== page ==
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Catalogue And Analysis Of Wood Furniture And Related Veneers

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Chapter Summary

In addition to the plaques, parts of the wood furniture were also recovered from the apsidal room, some with veneer still in place. The furniture parts include legs, stretchers that connected the legs, and arms of crossed-leg chairs; four cabriole legs in two similar sizes and designs; and moldings, boards, panels, and blocks. Furniture types were fairly consistent throughout the Roman empire. There were single stools without backs and longer benches (bisellia). The throne-like solium, in a simple version or with elaborately turned legs, arm rails, and sometimes a high, openwork back, was frequently represented, as was a late Roman variant with solid sides and a low, curved back. There are many representations of a comfortable basketry chair with a curved back (cathedra) that was considered to be a woman's chair. Although chair seats were not always high enough to require them, footstools were commonly used.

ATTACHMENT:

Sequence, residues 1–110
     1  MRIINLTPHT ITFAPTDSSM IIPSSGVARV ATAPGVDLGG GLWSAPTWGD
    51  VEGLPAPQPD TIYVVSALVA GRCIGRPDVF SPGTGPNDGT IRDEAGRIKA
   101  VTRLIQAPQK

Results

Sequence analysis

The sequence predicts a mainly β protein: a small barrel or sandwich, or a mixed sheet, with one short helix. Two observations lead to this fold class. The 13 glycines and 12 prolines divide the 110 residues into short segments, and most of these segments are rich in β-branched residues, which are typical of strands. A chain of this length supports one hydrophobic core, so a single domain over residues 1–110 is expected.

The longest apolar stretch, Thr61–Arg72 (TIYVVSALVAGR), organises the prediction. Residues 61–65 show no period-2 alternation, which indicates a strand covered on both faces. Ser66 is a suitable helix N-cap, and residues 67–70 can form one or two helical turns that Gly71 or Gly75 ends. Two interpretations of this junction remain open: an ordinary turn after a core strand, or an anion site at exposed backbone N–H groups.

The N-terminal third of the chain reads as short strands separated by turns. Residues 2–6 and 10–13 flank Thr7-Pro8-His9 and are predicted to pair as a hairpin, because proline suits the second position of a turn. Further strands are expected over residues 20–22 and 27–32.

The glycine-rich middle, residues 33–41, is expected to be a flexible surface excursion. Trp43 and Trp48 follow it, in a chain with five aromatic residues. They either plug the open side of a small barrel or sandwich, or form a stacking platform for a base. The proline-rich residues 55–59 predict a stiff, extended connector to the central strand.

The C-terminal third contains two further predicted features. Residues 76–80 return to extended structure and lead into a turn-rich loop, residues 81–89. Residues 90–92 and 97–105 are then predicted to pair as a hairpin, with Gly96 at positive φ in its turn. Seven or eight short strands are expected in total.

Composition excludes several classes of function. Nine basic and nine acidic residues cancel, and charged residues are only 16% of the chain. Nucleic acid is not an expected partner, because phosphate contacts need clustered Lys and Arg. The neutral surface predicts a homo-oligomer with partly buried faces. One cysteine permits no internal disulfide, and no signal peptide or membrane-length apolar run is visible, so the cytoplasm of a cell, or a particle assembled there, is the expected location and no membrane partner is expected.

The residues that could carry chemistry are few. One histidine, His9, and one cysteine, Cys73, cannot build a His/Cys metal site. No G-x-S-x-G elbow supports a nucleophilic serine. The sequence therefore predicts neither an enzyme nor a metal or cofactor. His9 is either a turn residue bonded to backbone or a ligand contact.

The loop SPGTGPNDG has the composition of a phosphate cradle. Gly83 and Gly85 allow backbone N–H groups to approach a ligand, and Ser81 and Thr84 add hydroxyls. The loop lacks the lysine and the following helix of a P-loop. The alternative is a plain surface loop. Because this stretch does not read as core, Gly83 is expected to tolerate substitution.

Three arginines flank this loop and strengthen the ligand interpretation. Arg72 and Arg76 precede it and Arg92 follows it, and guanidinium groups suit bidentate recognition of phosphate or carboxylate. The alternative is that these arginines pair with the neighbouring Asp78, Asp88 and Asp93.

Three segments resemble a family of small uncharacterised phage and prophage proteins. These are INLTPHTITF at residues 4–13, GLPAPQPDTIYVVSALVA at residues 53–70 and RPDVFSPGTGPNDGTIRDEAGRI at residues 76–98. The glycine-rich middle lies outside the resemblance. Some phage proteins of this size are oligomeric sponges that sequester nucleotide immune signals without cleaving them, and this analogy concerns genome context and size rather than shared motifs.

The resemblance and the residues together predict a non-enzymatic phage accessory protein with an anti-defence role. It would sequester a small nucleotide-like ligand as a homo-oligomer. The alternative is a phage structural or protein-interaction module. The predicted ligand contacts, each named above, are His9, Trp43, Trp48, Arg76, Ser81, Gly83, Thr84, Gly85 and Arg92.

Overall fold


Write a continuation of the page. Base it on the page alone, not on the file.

Keywords: bisellia; cathedra; solium; veneers; wood furniture

10.1163/ej.9789004158184.i-420.40
/content/books/10.1163/ej.9789004158184.i-420.40
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